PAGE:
Blumind utilizes analog semiconductor architecture to facilitate AI inferencing

Peng Chen, DIGITIMES Asia, Taipei 0

Niraj Mathur is the co-founder and chief operating officer of Blumind. Credit: Blumind

Artificial intelligence development and adoption have encountered serious energy efficiency hurdles with current computer architectures. To solve this challenge, Canadian startup Blumind has invented an analog architecture for semiconductors that will process neural networks efficiently with extremely low power consumption.

Niraj Mathur, co-founder and chief operating officer of Blumind, said the company taped out its first chip last year and has received great results. It is building more test chips, gearing up for the production that aims to start in 2024.

A semiconductor architecture that has low power consumption

Founded in 2020, Blumind has a mission of proliferating AI inferencing with its semiconductor technology.

Mathur explained that AI training uses vast data sets to train the neural network. AI inferencing, which happens after training, is the function the neural network will perform for a user.

He took cameras using a trained neural network to detect a person's presence as an example. He said those cameras will perform the inferencing function – using the neural network to decide whether there is a person in the image it collects – over and over. The process will account for most of the AI workload as it needs to be always-on for the best user experience.

The industry has faced the obstacle of delivering sustainable and highly performant AI for the future, according to Mathur. To begin with, it will be challenging for the von Neumann computer architecture, which has been in use for decades, to fulfill the needs of machine learning and neural network processing in the future.

Mathur said the situation is compounded by the fact that Moore's law is plateauing and making it much more expensive to receive performance gains.

To help the industry deliver enhanced AI technology, John Gosson, Blumind's co-founder and chief technology officer, developed a patented analog semiconductor architecture to process neural networks. The founding team also includes Roger Levinson, chief executive officer. The three leaders possess over 70 years of semiconductor industry experience combined.

Mathur said the Blumind architecture operates like the human brain, which is trained over time and can use information gathered from biological sensors like the eyes, ears, and nose to make decisions.

He added that the analog architecture consumes 100 to 1,000 times lower energy, which is essential to the environment. Some industry estimates state that AI compute will use 90% of all the power generated by humanity today within 30 years if AI efficiencies stay the same as today.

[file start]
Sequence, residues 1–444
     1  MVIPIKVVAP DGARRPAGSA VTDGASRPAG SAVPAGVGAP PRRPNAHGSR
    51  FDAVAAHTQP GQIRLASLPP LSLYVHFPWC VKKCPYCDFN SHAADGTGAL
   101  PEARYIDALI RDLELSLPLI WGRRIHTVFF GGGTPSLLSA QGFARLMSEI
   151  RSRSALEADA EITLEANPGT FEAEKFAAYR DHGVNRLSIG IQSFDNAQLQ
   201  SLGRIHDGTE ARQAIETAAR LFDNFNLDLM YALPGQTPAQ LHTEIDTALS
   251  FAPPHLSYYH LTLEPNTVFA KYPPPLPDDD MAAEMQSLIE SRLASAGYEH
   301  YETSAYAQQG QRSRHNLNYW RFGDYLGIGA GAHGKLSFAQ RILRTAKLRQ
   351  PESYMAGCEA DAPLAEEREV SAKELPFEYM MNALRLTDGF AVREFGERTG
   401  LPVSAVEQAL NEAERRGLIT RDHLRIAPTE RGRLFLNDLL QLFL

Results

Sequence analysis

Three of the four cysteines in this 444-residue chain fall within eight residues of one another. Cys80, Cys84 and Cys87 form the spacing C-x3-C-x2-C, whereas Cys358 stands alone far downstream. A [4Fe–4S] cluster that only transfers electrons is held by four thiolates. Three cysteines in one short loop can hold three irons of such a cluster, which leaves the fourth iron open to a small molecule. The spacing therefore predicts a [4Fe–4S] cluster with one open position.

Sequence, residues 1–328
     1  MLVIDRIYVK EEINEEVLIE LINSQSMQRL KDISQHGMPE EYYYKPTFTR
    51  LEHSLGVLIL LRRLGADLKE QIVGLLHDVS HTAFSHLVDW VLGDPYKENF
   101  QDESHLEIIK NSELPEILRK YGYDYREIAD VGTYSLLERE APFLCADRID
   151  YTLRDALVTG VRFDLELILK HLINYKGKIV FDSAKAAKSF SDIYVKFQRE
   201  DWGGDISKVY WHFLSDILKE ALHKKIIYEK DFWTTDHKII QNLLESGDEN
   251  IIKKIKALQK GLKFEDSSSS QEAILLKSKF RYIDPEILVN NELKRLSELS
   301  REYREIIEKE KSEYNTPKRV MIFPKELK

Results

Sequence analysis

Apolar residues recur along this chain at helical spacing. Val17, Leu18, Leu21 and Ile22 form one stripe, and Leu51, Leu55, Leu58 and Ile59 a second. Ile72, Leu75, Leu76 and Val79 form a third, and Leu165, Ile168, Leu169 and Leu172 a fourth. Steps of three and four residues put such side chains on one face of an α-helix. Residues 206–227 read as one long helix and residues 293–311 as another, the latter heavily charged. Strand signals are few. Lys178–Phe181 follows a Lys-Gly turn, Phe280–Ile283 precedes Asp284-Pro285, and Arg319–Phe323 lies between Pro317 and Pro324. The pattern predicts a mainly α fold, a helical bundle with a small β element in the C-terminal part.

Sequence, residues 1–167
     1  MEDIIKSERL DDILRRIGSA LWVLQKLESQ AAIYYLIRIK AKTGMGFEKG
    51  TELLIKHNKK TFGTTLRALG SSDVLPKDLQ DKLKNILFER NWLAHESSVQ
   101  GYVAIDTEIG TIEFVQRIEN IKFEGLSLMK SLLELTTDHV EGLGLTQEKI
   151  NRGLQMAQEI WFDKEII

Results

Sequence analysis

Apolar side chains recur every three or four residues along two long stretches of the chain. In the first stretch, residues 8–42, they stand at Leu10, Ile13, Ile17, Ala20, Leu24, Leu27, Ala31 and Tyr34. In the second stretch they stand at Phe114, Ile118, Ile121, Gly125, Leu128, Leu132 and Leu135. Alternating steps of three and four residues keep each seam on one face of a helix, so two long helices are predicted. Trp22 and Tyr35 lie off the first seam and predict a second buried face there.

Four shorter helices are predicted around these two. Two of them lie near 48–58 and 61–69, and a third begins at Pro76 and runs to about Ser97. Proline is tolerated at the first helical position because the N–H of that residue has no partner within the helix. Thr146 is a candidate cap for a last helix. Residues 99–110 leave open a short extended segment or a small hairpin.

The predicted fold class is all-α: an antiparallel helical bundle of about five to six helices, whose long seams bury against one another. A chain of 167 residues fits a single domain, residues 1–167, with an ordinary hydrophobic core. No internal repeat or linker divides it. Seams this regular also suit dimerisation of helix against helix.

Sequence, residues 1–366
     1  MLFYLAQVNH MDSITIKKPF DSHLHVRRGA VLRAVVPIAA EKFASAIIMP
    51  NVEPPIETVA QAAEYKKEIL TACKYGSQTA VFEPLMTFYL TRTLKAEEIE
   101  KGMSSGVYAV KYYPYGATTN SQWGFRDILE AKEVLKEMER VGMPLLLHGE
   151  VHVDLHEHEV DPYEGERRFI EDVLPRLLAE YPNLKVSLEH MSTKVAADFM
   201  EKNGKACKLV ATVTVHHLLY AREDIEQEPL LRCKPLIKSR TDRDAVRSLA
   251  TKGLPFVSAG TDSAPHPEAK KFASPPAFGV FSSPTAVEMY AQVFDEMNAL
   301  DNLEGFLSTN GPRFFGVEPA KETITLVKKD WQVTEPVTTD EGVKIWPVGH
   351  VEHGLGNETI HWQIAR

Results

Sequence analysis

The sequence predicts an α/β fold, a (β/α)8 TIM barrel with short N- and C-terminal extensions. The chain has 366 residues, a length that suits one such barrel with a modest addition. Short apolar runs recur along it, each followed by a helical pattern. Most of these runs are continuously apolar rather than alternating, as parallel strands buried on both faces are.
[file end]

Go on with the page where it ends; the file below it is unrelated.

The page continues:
"Clearly, that is not sustainable…we have to get more efficient with how we do machine learning," Mathur said.

He also said using analog compute to reduce power consumption is a great theory. But making the architecture manufacturable in high quantity volumes brings another set of challenges. The solution also needs to work reliably under environments like extreme temperature conditions. Blumind has addressed all these significant challenges in its technology.

Targeting edge AI space

Mathur said while Blumind's technology can apply to many fields, it is initially targeting the edge AI space, namely the battery-powered sensors and devices that are energy or thermally-constrained.

He said Blumind's technology can help cameras on a car or smart mobility device look for objects that the vehicle or device wants to avoid hitting. It could also enable an electrocardiogram (ECG) monitor or a glucose monitor to use a neural network to detect and process data the sensor collects in a patient's body with meager power, delivering many years of battery life or supporting energy harvesting approaches.

Augmented reality (AR) headsets can be another application. Mathur said AR is very compute-extensive and has tight power, latency and thermal constraints due to its small form factor and quick response times. Blumind's chips will facilitate the device in processing finger pose information efficiently without carrying a big battery.

Taiwan as a launchpad for Asian market

Mathur said Blumind closed the second funding round in January 2023 and will march toward a Series A round after making progress this year. He also said the company is engaged with a few high-profile, blue-chip customers to define its product. It hopes to have these industry leaders as lead customers when entering production.

Blumind is looking to connect with the semiconductor industry in Taiwan, which hosts leading companies like TSMC and UMC. Mathur said the company also sees the use case of its technology, including smart sensors and smart cities, being adopted more rapidly in Asia and Europe.

"We're also looking at Taiwan as a launchpad for the broader Asian market for our products in the future," he added.

Having been in touch with the Taiwanese semiconductor ecosystem, Mathur said he has been very impressed with the feedback he received. He will visit Taiwan to attend COMPUTEX 2023.

"I'm very, very excited to be there finally and meet people face to face," Mathur said.